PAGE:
Rhonda was one of the researchers and technical assistants on the teleportation project. She’s not only a brilliant researcher, and technically talented, she’s also completely gorgeous. With dark brown hair almost to her ass, and legs that seem to go forever, great sense of humor and highly intelligent, she’s the perfect girl for me. I fell in love with her when I saw her in the Student Union Building on my first day at college. I just wish I had the nerve to talk to her outside of the project.
I threw open the doors of the lab and there was my baby. Two pods I had the school machine shop fabricate for me out of aluminum and reinforced with a carbon steel shell. I needed the pod to be non-ferrous with a powerful magnetic bottle around it. At one end of the lab stood one pod and the control console. At the other end of the lab stood the receiver pod all by itself, connected by thick power cables.
I walked straight to the control console and started powering up the system and warming up the pods.
“Are you recording this, Morty?” I asked as I tapped on the keyboard. “You’re going to be witness to Mankind’s greatest achievement.”
I watched in the corner of my eye as Morty walked to each of the three tripod mounted cameras and switched them on. He then stepped beside me.
“Rick. I beg you! Stop this madness!” pleaded Morty. “This isn’t worth dying for!”
I stopped and looked at Morty and shook my head. “If this isn’t worth dying for, I don’t know what is. This will be the greatest single achievement since we crawled out of the primordial soup.”
The hatch to the transmission pod hissed open. A countdown started on the control panel’s monitor. The computer had taken control and short of destruction, would not be stopped.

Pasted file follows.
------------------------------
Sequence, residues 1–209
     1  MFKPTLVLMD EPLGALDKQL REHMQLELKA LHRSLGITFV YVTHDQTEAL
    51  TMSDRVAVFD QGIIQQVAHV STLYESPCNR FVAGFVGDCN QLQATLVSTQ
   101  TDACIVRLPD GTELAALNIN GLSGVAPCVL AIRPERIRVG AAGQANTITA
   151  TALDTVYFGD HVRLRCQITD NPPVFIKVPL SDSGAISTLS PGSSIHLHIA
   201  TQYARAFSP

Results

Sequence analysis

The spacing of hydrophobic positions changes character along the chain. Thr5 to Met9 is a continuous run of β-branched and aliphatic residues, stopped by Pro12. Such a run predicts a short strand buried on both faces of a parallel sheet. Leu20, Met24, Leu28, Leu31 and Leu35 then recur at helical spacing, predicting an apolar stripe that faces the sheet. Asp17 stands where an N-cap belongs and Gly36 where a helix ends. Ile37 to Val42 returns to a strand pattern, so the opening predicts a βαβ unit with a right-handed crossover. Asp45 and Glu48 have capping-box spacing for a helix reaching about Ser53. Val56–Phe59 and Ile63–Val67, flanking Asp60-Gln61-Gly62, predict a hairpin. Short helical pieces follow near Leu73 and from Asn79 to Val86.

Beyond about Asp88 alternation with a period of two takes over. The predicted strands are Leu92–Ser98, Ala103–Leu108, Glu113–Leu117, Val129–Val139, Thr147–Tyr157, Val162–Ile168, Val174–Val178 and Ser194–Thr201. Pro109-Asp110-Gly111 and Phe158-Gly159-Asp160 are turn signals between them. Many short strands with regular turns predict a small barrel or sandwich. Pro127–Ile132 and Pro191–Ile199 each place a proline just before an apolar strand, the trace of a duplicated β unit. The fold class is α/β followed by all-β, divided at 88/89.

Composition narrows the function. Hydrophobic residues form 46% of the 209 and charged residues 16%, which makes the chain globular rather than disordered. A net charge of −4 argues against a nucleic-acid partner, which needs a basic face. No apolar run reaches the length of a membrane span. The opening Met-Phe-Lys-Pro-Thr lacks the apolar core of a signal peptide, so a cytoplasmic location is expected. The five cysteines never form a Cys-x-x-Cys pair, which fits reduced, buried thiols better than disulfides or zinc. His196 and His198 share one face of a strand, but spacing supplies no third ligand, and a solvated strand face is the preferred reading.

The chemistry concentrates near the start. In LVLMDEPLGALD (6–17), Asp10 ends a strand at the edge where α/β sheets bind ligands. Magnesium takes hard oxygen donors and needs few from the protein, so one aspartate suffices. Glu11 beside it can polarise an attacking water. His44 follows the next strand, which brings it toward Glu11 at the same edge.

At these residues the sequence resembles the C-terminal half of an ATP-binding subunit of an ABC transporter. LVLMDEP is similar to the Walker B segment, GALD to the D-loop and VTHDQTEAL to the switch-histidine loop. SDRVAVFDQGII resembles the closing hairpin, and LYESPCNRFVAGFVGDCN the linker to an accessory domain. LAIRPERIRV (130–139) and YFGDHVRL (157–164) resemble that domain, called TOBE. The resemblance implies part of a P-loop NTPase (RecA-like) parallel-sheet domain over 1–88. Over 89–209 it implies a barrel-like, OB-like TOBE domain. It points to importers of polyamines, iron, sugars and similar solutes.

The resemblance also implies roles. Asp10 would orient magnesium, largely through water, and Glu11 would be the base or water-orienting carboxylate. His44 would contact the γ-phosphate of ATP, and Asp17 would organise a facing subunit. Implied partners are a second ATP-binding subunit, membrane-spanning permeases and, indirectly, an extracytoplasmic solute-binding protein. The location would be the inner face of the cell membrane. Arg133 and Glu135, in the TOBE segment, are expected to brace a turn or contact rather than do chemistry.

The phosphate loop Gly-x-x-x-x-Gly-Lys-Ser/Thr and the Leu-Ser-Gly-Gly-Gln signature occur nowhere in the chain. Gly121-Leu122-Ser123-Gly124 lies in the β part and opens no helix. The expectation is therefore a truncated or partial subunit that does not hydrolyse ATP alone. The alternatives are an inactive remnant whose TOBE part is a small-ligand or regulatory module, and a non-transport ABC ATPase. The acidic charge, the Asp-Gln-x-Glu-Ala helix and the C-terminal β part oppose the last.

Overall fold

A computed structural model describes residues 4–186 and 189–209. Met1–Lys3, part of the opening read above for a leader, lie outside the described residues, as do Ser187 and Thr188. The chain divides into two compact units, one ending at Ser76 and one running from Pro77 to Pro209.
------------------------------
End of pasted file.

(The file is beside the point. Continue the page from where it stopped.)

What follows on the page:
I held out my hand towards Morty. I said, “See you on the other side, Morty. One way or the other.”
He took my hand in a firm grip. He said, “For the last time, I beg you. Please don’t get in that pod.”
I gave Morty a grim smile and stepped into the pod. Sensors detected my presence and closed the hatch with another hiss. There was a thump as the magnetic lock sealed the door.
Suddenly Rhonda was beating on the glass port. Though slightly muffled, I heard as she said, “Rick! Get out of there! Now!” She tried to tug on the pod’s door.
I yelled back, “It’s magnetically sealed. You can’t open it. I’ll be fine. The countdown is almost done.”
Her voice almost a cry, Rhonda said, “Stop this thing! Did you not see the lab’s report of the mice you experimented with last night?”
I shook my head and said, “Why bother? I checked them myself. They were all healthy.”
Rhonda shook her head violently and shouted, “No! They weren’t! The lab gave you four adult male mice.” She banged on the door one more time. “You returned four juvenile female mice! Did you understand?”
My eyes went wide as I said, “Oh shit!” There was a ding from the console and then I was enveloped in a bright flash of bluish light. I lost consciousness.
I blinked open my eyes. I was lying at the bottom of a pod. I wasn’t sure which one. The door was suddenly jerked open and Rhonda poked her head in.
With a gasp, Rhonda said, “Oh my God!”
I couldn’t believe it had only been eight months since the ‘incident’ as we now call it. I smiled as I watched Rhonda, the girl I loved with all my heart, was slowly approaching me down the church aisle. She was beautiful in her flowing, white wedding dress. Her father holding her arm.
The preacher standing next to me turned and said at their approach, “Who gives this woman to be married to this man?”
Rhonda’s dad said, “Her mother and I do.” He let go of her arm and she stepped up on the dais. She smiled when she looked over at me and winked.
In all honesty, I really didn’t mind being twelve years old again. A couple of months after teleporting, Rhonda had managed to adopt me as I had no parents. The Board of course shut the project down immediately citing the cost and danger of the device. All the parts were sold as scrap.
I looked down at my white taffeta dress and the white gloves covering my hands as I held a small pillow with the wedding ring. My hair was tied back in a cute pony tail tied with a large white bow.
What pissed me off more than anything was that I was now a girl.
Before turning again to face Morty to say her wedding vows, she looked back down at me and smiled.
I smiled back and whispered, “I love you, Mommy!”